Preparing for the new lunar year is a busy time for many Cantonese households. There are homes to clean, debts to pay, children to instruct – use kind words and be polite, particularly on new year’s day, so that the year will be filled with happiness and abundance. As the holiday gets closer, the flurry intensifies in the kitchen. Traditional dishes take time to plan and prepare as the celebration, filled with family and friends, continues for two weeks.
I can still see my mom and aunties chattering around the kitchen table making fried bow-tie shaped dahn-sahn and filled flakey pastries as the young ones played outside. The women all had differing versions of their favorites and like many experienced cooks, none of the recipes were written down. If you wanted to learn how, they’d put you to work.
One of the popular treats made around the lunar new year are Open Mouth Laughs, called seel-hoe-joe’ in Cantonese, balls of lightly sweetened dough coated with sesame seeds that crack open when fried. The dough is quickly mixed by hand, then shaped into balls, coated in sesame seeds and deep-fried. The Laughs exterior is crunchy from the sesame seeds and the tender inside is reminiscent of cake donuts. Packaged bite-size versions of the Laughs are sold as snacks year round.
Many Cantonese dishes, particularly sweets, are deep-fried. The stove top was sometimes the only mode for indoor food cooking in rural kitchens during earlier times. Ovens were rare in simple country kitchens as the fuel to keep small ovens fired was often scarce. The Village Baker was not only important for the goods that were baked but also for the “oven time” that the villagers coveted. Even in today’s world when the Village Baker is finished for the day, villagers line up to bake the night’s dinner and other dishes in the waning but still hot oven.
Recipe: Open Mouth Laughs
Key to the success of this recipe is maintaining an oil temperature that’s not too hot. Testing a ball first helps you adjust the oil’s temperature and gauge the length of time to fry the balls so that the centers are cooked.
- 1 1/2 cups minus 1 Tablespoon unbleached all-purpose flour
- 2 teaspoons baking powder
- 1/3 cup granulated sugar
- 1 Tablespoon non-hydrogenated shortening or lard, melted
- 6 Tablespoons water at room temperature
- small bowl of water at room temperature
- 2/3 cup sesame seeds, untoasted
- 8 cups or more vegetable oil for frying
- Make dough: in a small bowl, whisk together flour and baking powder. In a medium bowl combine sugar, melted fat and 6 tablespoons water; mix well. Add flour mixture and mix, stirring with a wooden spoon to make a soft dough. Gather the dough into a ball and cover dough with a damp cloth or plastic wrap and rest dough for 30 minutes.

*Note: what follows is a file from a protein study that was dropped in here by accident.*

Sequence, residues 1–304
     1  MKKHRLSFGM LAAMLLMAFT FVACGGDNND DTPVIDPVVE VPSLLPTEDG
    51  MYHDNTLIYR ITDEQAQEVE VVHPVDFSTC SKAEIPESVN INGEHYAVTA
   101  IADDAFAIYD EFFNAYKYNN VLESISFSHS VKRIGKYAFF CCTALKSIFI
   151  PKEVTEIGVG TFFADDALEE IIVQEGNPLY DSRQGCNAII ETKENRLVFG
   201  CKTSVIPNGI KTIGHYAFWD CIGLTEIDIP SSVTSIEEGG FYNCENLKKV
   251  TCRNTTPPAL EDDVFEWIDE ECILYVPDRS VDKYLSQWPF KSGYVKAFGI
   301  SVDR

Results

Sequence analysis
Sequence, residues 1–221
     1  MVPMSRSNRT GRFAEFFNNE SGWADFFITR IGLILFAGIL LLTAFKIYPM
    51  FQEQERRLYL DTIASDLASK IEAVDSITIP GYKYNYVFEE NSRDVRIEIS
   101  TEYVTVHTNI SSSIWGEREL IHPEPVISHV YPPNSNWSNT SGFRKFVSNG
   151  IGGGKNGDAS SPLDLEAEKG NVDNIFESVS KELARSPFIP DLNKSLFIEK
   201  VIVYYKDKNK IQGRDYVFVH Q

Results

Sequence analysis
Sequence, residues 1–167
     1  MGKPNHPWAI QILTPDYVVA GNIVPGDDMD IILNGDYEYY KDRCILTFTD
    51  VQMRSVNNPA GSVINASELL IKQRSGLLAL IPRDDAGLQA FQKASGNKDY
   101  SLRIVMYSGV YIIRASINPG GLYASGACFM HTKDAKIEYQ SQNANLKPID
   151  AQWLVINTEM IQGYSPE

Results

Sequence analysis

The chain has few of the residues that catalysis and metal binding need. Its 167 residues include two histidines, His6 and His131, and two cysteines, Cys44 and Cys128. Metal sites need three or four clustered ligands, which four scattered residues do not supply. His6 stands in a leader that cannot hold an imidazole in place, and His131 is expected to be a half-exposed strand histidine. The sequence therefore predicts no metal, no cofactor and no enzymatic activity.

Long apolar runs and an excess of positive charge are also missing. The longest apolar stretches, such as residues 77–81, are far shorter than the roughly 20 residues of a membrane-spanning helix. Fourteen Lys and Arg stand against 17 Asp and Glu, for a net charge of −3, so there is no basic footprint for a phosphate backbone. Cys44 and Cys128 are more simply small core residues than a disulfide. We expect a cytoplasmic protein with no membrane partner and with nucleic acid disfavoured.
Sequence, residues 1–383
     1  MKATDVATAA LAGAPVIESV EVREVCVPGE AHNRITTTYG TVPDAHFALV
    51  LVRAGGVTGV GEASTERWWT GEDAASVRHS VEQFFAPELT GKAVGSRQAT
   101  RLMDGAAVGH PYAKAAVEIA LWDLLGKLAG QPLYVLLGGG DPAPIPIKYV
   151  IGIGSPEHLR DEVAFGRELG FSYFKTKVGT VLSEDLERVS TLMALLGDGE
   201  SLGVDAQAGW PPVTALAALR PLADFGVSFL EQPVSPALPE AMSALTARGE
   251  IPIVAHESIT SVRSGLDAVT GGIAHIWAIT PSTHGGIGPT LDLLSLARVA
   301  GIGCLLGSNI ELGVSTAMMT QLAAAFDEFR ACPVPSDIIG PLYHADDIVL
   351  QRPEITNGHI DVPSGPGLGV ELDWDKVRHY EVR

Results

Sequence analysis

- Divide the dough into pieces and roll each piece into a ball. Have nearby a large flat plate or small baking sheet, the small bowl of water, and another small bowl filled with sesame seeds. Using one hand, quickly dip a dough ball it into the bowl of water and place the ball into the sesame seed bowl. Using your other hand, roll the ball in sesame seeds to coat. Place ball onto the plate or baking sheet with the second hand. Repeat with remaining balls.
- Fry on stove top: in a wok, Dutch oven, large saucepan or deep skillet, add vegetable oil to so that it is about 2″ deep. Over medium high heat, heat oil to 350º F and then reduce it to 325º F. Test the oil with one of the balls by gently adding it to the oil using a slotted spoon. The ball will sit on the bottom of the pan for 10-15 seconds; carefully nudge it from the bottom of the pan to prevent scorching. After the ball floats to the surface of the oil, constantly turn the ball so that it fries evenly. Cracks should appear as the ball cooks. If the oil is not hot enough, the ball will disintegrate.
- When the ball is deep golden brown – it takes a 1 1/4″ ball about 2-3 minutes to get there – remove with a slotted spoon onto a paper towel-lined pan and let cool. Break open the ball to test for doneness and let the results guide your remaining batches. Repeat with remaining balls; reshaping balls first by rolling them between your palms. Fry the balls in 2-3 batches, adjusting the heat upwards between batches. Careful to not overcrowd the pan so that there is enough room to continuously turn the balls while they are cracking open with laughs.
Makes twenty-four 1 1/4″ pieces. The balls are best on the day made.